One major cause of the disparity is that blacks are not offered revascularization services at the same rate as whites. Holman et al (2011: 425) write:
Finally, given that patients’ decisions are necessarily confined to the options offered by their physicians, racial differences in limb salvage care might be attributable to differences in physician decision making. There are some data to suggest lower vein graft patency rates in black patients compared to whites.18,19 A patient’s race, therefore, may influence a vascular surgeon’s judgment about the efficacy of revascularization in preventing or delaying amputation. Similarly, a higher proportion of black patients in our sample were of low SES, which correlates with tobacco use,20-22 and we know that continued tobacco use increases the risk of lower extremity graft failure approximately three-fold.23 It is possible that a higher proportion of black patients in our sample were smokers who refused to quit, in which case vascular surgeons would be much less likely to offer them the option of revascularization. While Medicare data include an ICD-9 diagnosis code for tobacco use, the prevalence in our study sample was approximately 2%, suggesting that this code was grossly unreliable as a means of directly measuring and adjusting for tobacco use.
Smoking, of course, could be a reason why revascularization would not be offered to black patients. Though, as I have noted, smoking ads are more likely to be found in lower-income neighborhoods which increases the prevalence of smokers in the community.
With this, I am reminded of two stories I have seen on television programs (I watch Discovery Health a lot—so much so that I have seen most of the programs they show).
In Untold Stories of the ER, a man came in with his hand cut off. He refused medical care. He would not let the doctors attempt to sew his hand back on. Upon the police entering his home to check for evidence (where his hand was found), they searched his computer. It seems that he had a paraphilia called “acrotomophilia” which is where one is sexually attracted to people with amputations. Although he wanted it to be done to himself—he had inflicted the wound on himself. After the doctor tried to reason with the man to have his hand sewed back on, the man would not let up. He did not want his hand sewed back on. I wonder if, years down the line, the man regretted his decision.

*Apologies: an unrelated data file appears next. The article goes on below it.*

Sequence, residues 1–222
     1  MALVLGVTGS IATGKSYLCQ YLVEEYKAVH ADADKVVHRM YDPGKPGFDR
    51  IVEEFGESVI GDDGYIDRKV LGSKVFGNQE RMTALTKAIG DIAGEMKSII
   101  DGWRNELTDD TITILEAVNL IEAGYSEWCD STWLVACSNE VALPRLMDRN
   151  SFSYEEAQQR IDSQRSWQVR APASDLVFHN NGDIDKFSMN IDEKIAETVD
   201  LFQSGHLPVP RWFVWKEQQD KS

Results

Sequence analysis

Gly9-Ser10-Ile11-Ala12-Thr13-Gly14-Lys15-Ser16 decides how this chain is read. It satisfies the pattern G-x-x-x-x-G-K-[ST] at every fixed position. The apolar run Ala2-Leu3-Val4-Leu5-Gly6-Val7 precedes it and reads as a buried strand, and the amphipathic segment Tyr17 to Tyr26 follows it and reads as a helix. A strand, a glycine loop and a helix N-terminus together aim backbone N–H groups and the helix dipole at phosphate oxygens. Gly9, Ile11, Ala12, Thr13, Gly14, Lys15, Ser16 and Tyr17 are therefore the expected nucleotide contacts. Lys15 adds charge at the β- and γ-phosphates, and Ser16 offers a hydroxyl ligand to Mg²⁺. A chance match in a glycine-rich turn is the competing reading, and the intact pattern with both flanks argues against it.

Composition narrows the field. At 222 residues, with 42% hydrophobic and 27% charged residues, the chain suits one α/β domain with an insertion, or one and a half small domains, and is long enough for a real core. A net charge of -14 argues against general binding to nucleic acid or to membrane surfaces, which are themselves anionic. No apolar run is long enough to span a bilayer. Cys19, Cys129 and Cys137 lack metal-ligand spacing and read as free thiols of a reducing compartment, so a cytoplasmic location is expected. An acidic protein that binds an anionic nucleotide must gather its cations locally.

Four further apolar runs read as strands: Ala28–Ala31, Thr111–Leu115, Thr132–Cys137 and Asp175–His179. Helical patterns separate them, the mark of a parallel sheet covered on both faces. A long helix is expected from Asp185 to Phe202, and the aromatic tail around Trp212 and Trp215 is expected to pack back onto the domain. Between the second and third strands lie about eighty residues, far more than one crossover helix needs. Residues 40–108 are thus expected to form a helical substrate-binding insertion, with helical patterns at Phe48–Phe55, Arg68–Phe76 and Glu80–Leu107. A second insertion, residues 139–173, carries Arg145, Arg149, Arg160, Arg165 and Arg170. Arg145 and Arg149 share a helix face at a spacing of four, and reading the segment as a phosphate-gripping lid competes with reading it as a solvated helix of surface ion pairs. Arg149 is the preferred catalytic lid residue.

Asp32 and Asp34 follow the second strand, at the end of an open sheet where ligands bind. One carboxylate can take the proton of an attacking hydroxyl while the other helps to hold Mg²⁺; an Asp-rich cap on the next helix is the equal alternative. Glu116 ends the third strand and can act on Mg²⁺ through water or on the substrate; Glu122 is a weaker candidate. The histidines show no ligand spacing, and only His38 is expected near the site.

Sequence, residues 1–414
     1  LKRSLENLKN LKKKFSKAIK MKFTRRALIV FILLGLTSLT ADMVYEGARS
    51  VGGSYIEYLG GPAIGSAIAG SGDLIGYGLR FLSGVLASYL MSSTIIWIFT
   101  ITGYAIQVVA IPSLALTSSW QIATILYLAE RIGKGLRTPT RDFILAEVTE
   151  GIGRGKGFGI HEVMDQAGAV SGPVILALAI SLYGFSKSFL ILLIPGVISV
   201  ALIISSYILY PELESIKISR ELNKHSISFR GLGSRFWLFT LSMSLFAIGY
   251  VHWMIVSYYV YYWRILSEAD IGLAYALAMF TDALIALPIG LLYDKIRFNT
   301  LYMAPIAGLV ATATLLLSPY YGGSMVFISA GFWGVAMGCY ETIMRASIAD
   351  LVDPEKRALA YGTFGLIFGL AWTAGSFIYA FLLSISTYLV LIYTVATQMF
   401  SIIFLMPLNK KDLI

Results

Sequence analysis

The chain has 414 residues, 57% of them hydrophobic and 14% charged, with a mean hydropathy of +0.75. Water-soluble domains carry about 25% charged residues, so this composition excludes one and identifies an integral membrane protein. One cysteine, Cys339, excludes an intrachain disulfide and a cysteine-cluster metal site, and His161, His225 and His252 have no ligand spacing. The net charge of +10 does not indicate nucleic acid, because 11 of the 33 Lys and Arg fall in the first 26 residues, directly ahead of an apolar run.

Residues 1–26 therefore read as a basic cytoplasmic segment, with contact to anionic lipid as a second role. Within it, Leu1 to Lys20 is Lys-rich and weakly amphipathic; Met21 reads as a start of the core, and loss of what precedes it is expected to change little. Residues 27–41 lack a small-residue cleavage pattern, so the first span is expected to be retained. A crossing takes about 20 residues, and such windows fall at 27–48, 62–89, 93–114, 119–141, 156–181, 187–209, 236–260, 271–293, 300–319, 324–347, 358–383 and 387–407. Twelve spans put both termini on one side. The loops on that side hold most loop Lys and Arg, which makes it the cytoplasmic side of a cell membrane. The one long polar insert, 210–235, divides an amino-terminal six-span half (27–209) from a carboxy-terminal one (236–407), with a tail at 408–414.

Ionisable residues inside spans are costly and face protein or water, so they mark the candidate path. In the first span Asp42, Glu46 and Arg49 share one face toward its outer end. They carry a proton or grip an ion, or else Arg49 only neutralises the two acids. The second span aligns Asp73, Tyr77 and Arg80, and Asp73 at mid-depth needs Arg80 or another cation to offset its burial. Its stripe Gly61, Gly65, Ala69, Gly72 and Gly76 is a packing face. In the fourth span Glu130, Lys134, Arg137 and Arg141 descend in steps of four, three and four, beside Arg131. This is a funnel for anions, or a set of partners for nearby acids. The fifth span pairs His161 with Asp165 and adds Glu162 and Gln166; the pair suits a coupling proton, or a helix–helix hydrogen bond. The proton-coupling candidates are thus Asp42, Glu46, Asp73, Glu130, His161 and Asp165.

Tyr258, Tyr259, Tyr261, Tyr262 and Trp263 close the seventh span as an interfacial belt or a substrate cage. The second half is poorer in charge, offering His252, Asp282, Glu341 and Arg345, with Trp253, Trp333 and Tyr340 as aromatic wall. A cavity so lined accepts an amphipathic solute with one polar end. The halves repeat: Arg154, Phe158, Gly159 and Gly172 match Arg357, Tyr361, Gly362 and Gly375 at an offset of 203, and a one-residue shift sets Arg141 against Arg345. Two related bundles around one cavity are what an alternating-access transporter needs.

In another program (Mystery Diagnosis), a man had said that as a young boy, he had seen a single-legged war veteran amputee. He said that ever since then, he would do nothing but think about becoming an amputee. He lived his whole life thinking about it without doing anything about it. He then went to a psychiatrist and spoke of his desire to become an amputee. After some time, he eventually flew to Taiwan and got the surgery done. He, eventually, found happiness since he had done what he always wanted to.
While these stories are interesting they speak to something deep in the minds of the individuals who mutilate themselves or get surgery to otherwise healthy limbs.
Blacks are more likely than whites to receive amputations in affected limbs than whites and are less likely to receive treatments that may be able to save the affected limb (Holman et al, 2011; Hughes et al, 2013; Minc et al, 2017; Massada et al, 2018). Physician bias is a large driver of this. So, to better public health, we then must attempt to mitigate these biases that physicians have that lead to these kinds of disparities in healthcare. Medical and other kinds of racism have led to this disparity in amputations between blacks and whites. Thus, to attempt to mitigate this disparity, blacks must get the preventative care needed in order to save the affected limb and not immediately go for amputation. Thankfully, such disparities have been noticed and work is being done to decrease said disparities.
So race is a factor in the decision on whether or not to amputate a limb, and blacks are less likely to receive revascularization services.